The following story was originally published on and written by Roger Curtis, Director, Michigan Department of Talent and Economic Development. Click here to view the original story on

According to Area Development’s most recent surveys, the availability of skilled labor ranked among the top three site selection factors for corporate executives and consultants. In fact, 98 percent of consultants said access to talent is affecting their clients’ new facility or expansion plans, with the lack of advanced skills, in particular, cited by 92 percent of those surveyed. This talent gap — between the workforce we have and the one employers need — is not just a growing concern for businesses, but also for states and cities across the country.

Michigan’s Marshall Plan for Talent
In Michigan, we are no stranger to this challenge. From information technology and manufacturing to healthcare and other professional trades careers, Michigan will have more than 811,000 career openings to fill through 2024. That’s why the state is taking a proactive approach to bridging this talent gap. Michigan is charting a new course in the way we grow and retain talent by creating new pathways and approaches for preparing students and adults to compete and succeed in high-demand careers.

The state recently launched the Marshall Plan for Talent, an innovative partnership between educators, employers, and other stakeholders to transform Michigan’s talent pipeline and redesign the ways we invest in, develop, and attract talent in our state. The plan will invest an additional $100 million over the next five years to:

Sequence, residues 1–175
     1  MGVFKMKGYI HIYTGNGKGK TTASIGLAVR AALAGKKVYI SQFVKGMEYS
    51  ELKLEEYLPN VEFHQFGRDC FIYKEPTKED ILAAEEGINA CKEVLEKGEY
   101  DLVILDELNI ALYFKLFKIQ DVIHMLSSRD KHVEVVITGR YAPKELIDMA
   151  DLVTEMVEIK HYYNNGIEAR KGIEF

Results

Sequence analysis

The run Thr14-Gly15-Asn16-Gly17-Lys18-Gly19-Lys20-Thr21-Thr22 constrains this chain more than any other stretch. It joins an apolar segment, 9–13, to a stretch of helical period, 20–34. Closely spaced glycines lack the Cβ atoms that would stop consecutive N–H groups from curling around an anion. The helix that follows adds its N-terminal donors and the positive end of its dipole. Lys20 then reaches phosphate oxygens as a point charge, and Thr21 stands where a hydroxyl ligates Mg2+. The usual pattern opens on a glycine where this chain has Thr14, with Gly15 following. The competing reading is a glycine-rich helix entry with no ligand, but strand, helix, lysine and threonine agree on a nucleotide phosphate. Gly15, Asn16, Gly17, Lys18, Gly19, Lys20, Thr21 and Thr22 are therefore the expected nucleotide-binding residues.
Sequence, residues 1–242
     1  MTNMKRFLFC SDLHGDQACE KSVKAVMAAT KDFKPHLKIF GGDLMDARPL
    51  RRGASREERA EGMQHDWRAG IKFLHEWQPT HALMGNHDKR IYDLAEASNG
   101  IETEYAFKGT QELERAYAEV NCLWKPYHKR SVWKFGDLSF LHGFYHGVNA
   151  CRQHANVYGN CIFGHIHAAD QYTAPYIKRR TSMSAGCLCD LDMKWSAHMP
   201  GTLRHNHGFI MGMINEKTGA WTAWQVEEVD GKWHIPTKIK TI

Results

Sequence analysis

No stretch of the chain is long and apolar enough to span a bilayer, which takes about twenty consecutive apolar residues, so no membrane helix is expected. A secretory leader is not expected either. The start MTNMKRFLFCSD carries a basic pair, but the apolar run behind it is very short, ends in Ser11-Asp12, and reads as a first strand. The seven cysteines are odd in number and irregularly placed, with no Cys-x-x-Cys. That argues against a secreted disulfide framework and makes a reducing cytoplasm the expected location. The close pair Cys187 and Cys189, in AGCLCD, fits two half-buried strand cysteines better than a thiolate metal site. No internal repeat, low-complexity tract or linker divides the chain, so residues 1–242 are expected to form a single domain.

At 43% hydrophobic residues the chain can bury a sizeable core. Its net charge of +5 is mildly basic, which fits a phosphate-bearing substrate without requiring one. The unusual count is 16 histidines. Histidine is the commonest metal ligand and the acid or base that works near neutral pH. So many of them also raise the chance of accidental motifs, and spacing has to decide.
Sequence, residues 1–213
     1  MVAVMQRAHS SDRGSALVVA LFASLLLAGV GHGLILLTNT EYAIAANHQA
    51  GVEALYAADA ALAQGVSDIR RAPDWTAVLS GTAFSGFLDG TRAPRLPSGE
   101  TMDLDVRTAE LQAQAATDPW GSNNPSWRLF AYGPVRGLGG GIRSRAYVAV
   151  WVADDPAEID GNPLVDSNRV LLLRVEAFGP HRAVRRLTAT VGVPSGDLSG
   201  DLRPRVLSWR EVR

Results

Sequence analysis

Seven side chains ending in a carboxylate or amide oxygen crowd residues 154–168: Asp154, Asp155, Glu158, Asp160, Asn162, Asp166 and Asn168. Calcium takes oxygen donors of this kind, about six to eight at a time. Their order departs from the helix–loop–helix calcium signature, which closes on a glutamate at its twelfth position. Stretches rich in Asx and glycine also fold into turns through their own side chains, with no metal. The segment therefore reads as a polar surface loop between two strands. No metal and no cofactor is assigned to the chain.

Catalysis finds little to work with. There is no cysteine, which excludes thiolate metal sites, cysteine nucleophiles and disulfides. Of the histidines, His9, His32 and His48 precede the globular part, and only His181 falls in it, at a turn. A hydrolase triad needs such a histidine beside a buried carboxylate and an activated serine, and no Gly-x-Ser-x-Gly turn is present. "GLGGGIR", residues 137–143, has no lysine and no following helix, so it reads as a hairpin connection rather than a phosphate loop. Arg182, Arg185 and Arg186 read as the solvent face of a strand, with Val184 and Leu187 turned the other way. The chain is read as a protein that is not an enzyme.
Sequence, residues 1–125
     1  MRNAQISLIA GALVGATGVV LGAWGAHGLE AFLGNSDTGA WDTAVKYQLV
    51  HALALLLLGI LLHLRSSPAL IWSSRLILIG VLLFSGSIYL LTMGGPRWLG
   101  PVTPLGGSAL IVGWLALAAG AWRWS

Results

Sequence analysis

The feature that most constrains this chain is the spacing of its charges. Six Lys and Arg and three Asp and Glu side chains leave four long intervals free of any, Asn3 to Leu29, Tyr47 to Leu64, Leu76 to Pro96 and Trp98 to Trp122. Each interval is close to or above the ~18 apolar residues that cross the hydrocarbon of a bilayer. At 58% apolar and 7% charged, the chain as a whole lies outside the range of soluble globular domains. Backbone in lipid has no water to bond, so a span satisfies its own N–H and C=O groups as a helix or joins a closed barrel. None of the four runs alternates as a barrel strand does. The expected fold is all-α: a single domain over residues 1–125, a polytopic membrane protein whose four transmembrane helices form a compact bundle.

• Develop 150 new courses to teach skills needed for 21st century jobs
  • Educate 55,000 people for in-demand careers
  • Upgrade 65 career centers with state-of-the-art equipment for learners
  • Train 5,000 cybersecurity students for IT/computer science careers
  • Provide 16,000 low-income/at-risk student scholarships and stipends for education in high-demand fields
  • Hire 150 career navigators to help students explore career options
  • Make education and career planning tools available to all students
  • Highlight career opportunities to students, parents, and educators
  • Encourage 150 teachers to mentor others and share best practices on implementing new in-demand courses and teaching methods

The Marshall Plan for Talent builds on the more than $225 million already dedicated to talent development efforts in the state. Since 2011, Michigan has increased K-12 education funding by $1.9 billion, including significant investments in resources for career and technical education, middle college programs and equipment, and increased spending in science, technology, engineering, and mathematics (STEM) programs to get students excited about opportunities in these fields of study. The Marshall Plan provides a blueprint — and a call to action — to coordinate and expand these existing programs in order to create a leading talent development and education system rooted in lifelong learning.

Other States Address the Talent Shortage